TL;DR – Today we chart every
location visited during 20 Seasons of Time
Team one of the most wonderful shows to ever grace British television.
Well, today we are continuing our Mapping British TV week with Time Team (after looking at Grand
Designs earlier). Time Team
is one of those rare shows that was at its heart is an educational show, but it
also was one of the most entertaining things on TV in its time. That is such a
difficult balance to get right and like Where
in the World is Carmen Sandiego this is one of the other rare shows that
actually managed to pull that off.
For those who don’t know about Time Team,
it is a show about exploring the history of the British Isles (and some other
places). The show would arrive at a site where people have some questions about
a hill, or lump of stone, or an odd blip on a map, and from here they have just
three days to excavate as much of the site as possible. They are looking for
important finds like mosaic floors of the Romans, motte-and-bailey castles of the Normans, WW2 fornications,
ditches next to roads, and never any Roman temples, okay bar that one time. The
team includes host Tony Robinson, lead field archaeologist Phil Harding, and
experts like Mick Aston, Francis Pryor, Helen Geake, John Gater, Raksha Dave, Stewart Ainsworth, and many more.
The format might be something that goes against most archaeological digs that
happen over months and years, but it makes for some great TV. In the end, what
the show is mostly doing is engaging in the first prep work on sites for local archaeological
groups who could not afford the geophysics themselves. Through this, they have
made finds that have reshaped the way that we look at parts of British history.
My love for the show comes from many places. There is the interaction between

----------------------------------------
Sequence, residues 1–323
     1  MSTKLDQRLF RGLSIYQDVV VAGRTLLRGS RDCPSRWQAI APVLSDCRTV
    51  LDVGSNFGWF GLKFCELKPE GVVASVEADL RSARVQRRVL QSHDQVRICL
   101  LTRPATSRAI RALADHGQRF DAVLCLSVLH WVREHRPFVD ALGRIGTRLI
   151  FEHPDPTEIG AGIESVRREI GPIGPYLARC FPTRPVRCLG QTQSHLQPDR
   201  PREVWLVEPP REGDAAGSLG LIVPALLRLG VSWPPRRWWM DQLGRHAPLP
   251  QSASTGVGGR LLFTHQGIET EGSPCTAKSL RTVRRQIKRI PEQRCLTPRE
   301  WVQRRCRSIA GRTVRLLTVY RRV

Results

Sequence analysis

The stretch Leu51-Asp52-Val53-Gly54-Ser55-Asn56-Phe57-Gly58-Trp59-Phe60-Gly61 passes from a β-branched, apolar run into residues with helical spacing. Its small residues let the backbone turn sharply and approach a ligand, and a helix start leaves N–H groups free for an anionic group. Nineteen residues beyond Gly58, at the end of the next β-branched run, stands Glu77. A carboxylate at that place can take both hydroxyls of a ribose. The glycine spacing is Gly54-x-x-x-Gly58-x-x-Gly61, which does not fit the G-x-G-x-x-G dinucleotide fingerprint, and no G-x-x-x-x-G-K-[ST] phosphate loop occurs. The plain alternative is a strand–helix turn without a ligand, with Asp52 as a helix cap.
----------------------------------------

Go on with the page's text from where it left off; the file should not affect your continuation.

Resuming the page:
the hosts and the teams, the allure that at any moment something major could be
found that would have Tony Robinson dashing across the site to instigate, Phil’s
hat, and also learning about the history of the world. I think thanks to this
show I can give you a more in-depth view of the history of Great Britain than I
can of my own country, but that may also be an indictment on the history standards
in 1990s Australian schools. So without further delving into the past, let’s
delve into the past.
TL;DR – At times funny, at times perplexing, and at times very dark, it explores the world of immense power and those who want to obtain it, and the damage that can do.
Score – 4 out of 5 stars
Post-Credit Scene – There is no post-credit scene
We live in a world where thanks to technology we can explore galaxies far away,
to fantasies imagined in every which way, but sometimes reality can be stranger
than anything we can muster. Today we are exploring a film that is set around
the power politics of last years of the House of Stuart as different people
position themselves in an ever-shifting
world. This would be interesting enough in itself, but in both a less and in
some cases more dramatic way this is what really happened (or at least what was
alleged to have happened) in real life. It is a snapshot of absolute power, but also of sadness, and
TL;DR – A surreal experience that plays on the power structures of the time, an important retelling of an Australian classic that everyone should watch.
Score – 5 out of 5 stars